In June, The Jockey Club announced plans to develop a statistics-based system that would notify track officials and regulatory veterinarians when a horse that has been entered in a race is facing a heightened risk of injury. The Jockey Club hired Tim Parkin, BSc, BVSc, PhD, DECVPH, MRCVS, University of Glasgow School of Veterinary Medicine, to develop these at-risk protocols, based on the Equine Injury Database (EID). The project is expected to be complete in August 2012.
Parkin says the project provides an opportunity to identify the top risk profiles and focus interventions on the horses that fit those profiles. "With this system in place, we can identify the population of horses at markedly increased risk and potentially implement measures to mitigate that risk," he says.
According to The Jockey Club, using data from the EID, racing officials and regulatory veterinarians would receive automatic notifications from racing office software tools provided by InCompass Solutions Inc. The alerts would indicate, based on statistical analysis of patterns in past performances, when a horse presented a heightened risk of injury and needed a closer inspection. Those notices would be sent to regulatory veterinarians and racing office personnel at the racetrack.
"This development has the potential to be among the most significant advances in the safety of equine and human athletes," says James Gagliano, president and chief operating officer of The Jockey Club. "It's only possible because of the participation by racetracks in the EID, which now contains approximately 37,000 injury reports from 86 tracks, representing more than 92 percent of North American racing days."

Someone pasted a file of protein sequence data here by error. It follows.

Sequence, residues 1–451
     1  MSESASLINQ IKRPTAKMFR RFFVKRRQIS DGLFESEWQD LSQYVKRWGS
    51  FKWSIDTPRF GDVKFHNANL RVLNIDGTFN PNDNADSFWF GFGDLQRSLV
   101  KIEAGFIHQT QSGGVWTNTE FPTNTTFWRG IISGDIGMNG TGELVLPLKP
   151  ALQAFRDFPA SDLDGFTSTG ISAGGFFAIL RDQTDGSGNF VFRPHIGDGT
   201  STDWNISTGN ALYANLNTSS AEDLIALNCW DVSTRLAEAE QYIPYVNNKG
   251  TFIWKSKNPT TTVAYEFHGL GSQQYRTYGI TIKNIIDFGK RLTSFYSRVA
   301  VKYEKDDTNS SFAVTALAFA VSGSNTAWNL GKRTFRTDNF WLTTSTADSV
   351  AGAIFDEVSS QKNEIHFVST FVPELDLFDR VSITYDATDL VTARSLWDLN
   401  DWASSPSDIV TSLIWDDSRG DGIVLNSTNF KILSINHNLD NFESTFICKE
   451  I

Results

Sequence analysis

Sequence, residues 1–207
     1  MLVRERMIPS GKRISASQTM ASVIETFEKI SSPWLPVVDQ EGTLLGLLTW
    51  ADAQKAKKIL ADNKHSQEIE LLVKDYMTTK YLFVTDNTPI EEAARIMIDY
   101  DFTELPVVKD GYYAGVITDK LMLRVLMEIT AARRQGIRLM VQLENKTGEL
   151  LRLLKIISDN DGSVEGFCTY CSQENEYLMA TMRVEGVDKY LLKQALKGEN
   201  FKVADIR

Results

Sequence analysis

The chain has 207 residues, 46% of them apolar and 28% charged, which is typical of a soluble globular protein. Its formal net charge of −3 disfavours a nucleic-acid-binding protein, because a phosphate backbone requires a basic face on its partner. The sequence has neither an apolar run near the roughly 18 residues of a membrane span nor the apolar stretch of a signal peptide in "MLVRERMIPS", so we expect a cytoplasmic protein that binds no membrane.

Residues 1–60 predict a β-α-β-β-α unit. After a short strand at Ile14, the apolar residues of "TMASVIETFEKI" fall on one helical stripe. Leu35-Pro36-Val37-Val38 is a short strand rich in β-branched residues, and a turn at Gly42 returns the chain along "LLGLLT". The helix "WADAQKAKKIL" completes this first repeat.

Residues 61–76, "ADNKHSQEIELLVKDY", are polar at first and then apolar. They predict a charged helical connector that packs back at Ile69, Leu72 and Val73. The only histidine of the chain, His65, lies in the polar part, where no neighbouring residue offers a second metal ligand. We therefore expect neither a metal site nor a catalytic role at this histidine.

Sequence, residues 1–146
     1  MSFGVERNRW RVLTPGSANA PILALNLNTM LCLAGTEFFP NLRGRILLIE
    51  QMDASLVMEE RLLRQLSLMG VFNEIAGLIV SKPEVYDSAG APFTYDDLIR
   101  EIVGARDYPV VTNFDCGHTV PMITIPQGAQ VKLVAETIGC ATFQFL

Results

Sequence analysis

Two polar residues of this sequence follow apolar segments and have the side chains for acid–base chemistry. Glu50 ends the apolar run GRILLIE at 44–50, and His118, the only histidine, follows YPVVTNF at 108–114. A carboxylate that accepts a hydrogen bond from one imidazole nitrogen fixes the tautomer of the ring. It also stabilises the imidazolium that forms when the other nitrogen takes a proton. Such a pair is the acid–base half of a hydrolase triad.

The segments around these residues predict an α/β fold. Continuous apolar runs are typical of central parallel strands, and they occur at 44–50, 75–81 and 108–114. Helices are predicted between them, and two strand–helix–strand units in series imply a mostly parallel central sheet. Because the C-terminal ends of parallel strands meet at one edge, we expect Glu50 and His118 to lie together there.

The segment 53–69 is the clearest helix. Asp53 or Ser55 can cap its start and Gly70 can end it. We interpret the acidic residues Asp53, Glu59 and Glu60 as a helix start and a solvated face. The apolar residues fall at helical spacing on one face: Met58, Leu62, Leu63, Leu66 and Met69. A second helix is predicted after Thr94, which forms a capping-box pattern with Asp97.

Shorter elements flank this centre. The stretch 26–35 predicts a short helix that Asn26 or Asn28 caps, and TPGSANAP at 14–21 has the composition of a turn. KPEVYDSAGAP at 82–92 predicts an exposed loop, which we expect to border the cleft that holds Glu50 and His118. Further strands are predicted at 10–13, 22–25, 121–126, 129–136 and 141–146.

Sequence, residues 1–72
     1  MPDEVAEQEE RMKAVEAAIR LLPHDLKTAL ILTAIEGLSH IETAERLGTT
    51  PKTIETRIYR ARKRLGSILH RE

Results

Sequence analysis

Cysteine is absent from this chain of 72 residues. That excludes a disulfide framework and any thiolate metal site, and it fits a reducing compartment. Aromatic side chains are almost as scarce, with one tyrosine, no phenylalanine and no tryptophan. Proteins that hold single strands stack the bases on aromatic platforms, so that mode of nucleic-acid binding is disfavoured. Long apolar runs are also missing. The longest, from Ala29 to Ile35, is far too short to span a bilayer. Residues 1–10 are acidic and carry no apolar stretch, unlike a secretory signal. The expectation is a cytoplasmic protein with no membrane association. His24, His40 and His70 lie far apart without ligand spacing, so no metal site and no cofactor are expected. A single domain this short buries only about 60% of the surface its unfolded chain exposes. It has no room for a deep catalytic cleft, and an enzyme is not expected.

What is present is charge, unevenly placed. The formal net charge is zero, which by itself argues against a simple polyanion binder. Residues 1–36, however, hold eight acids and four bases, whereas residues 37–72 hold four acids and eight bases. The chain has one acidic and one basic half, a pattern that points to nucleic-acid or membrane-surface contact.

The Jockey Club, through InCompass, will provide these tools to racetrack and regulatory officials for no additional fee and will be collaborating with the American Association of Equine Practitioners (AAEP) to develop the examination protocols that would assist regulatory veterinarians dealing with horses deemed at-risk.
Larry Bramlage, DVM, DACVS, Rood & Riddle Equine Hospital and member of the Jockey Club EID Committee, says the endgame of the EID was always to try to learn enough about the injuries so that they can be prevented, not just documented after they occurred. During various meetings, discussions and conference calls with Parkin, the Jockey Club EID Committee asked him to look for specific parameters within the database that they might be able to use to determine which factors they could monitor.